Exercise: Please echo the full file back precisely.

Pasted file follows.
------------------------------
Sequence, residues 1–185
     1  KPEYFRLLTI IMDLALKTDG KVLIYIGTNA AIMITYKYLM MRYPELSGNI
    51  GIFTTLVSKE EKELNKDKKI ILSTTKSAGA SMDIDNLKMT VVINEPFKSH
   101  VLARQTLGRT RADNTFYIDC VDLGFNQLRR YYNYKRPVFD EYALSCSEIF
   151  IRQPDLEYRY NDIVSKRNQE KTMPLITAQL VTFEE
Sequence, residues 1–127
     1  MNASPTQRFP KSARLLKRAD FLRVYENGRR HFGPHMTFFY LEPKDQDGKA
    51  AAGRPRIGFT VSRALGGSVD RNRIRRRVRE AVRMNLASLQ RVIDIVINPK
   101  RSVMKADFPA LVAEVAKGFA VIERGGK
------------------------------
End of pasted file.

Sequence, residues 1–185
     1  KPEYFRLLTI IMDLALKTDG KVLIYIGTNA AIMITYKYLM MRYPELSGNI
    51  GIFTTLVSKE EKELNKDKKI ILSTTKSAGA SMDIDNLKMT VVINEPFKSH
   101  VLARQTLGRT RADNTFYIDC VDLGFNQLRR YYNYKRPVFD EYALSCSEIF
   151  IRQPDLEYRY NDIVSKRNQE KTMPLITAQL VTFEE
Sequence, residues 1–127
     1  MNASPTQRFP KSARLLKRAD FLRVYENGRR HFGPHMTFFY LEPKDQDGKA
    51  AAGRPRIGFT VSRALGGSVD RNRIRRRVRE AVRMNLASLQ RVIDIVINPK
   101  RSVMKADFPA LVAEVAKGFA VIERGGK